Applying Fuzzy Logic and Fuzzy Methods to Marketing

Applying Fuzzy Logic and Fuzzy Methods to Marketing

Laurent Donzé (University of Fribourg, Switzerland) and Andreas Meier (University of Fribourg, Switzerland)
DOI: 10.4018/978-1-4666-2625-6.ch062


Marketing deals with identifying and meeting the needs of customers. It is therefore both an art and a science. To bridge the gap between art and science, soft computing, or computing with words, could be an option. This chapter introduces fundamental concepts such as fuzzy sets, fuzzy logic, and computing with linguistic variables and terms. This set of fuzzy methods can be applied in marketing and customer relationship management. In the conclusion, future research directions are given for applying fuzzy logic to marketing and customer relationship management.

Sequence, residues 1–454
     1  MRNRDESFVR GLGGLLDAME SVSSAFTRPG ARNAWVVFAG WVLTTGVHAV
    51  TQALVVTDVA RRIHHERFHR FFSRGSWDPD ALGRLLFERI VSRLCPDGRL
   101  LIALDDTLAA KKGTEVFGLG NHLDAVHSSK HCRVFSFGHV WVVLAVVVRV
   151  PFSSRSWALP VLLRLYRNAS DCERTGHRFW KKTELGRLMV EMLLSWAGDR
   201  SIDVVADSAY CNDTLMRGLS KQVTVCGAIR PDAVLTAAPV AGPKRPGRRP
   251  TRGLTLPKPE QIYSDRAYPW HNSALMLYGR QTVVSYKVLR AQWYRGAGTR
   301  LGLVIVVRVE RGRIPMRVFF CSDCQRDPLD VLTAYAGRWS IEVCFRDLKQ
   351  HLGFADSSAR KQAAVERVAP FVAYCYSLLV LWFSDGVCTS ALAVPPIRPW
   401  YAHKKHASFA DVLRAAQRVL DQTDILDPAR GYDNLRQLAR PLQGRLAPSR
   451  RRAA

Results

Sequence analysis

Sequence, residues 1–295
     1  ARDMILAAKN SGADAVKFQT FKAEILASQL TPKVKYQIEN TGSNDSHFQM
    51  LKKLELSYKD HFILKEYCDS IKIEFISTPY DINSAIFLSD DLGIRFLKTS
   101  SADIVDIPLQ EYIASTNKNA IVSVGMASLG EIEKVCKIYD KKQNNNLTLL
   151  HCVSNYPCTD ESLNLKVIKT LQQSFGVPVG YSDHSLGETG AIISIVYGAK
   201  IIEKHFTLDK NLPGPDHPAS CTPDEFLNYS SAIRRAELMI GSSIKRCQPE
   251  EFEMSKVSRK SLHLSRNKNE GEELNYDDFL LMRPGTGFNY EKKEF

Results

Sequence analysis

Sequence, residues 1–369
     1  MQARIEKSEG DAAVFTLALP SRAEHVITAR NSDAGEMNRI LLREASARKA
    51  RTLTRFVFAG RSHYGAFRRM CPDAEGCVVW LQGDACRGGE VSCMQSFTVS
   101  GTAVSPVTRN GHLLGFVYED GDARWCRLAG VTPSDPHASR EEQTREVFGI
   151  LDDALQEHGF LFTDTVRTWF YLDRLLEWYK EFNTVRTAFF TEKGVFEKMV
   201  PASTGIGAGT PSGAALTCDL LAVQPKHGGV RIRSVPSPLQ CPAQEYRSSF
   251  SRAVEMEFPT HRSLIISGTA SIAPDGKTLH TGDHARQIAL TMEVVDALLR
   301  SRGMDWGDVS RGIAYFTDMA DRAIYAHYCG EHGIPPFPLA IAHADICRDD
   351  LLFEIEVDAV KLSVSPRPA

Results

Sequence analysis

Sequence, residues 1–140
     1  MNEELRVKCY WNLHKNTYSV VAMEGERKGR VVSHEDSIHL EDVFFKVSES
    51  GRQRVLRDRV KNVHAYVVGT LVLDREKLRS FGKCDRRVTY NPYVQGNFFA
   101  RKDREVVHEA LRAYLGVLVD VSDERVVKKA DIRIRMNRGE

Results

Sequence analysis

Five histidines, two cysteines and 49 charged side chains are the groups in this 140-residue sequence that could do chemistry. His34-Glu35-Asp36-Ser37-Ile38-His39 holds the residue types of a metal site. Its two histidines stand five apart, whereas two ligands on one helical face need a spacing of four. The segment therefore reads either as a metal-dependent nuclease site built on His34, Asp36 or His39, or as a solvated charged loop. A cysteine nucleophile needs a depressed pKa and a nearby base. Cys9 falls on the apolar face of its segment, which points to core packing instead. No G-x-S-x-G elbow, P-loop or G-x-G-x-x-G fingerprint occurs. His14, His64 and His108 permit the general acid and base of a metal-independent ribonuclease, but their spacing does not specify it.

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Crisp Sets Vs. Fuzzy Sets

The concept of a set or a collection of objects is common in marketing and relationship management. For instance, all customers with their properties, such as name, age, address, and customer value are stored in the customer database or data warehouse. The objects in the set are called the elements of the set. Traditional data sets are also called ordinary or crisp sets in order to distinguish them from fuzzy sets.

An important notion in set theory is that of membership. If an element x belongs to a set A then xA, otherwise xA. For each element x of a set A there are only two possibilities: either x belongs to A or it does not. The membership rule that characterizes the elements of a set A can be described by the characteristic function. The characteristic function χ takes only two values 1 and 0 or ‘true’ and ‘false’. More precisely: if X is the universal set (universe of discourse) and A is a subset AX then the characteristic function χ of a set A indicates whether or not x belongs to A, i.e., χA: X −> {0,1}. In other words every crisp set is uniquely defined by its characteristic function.

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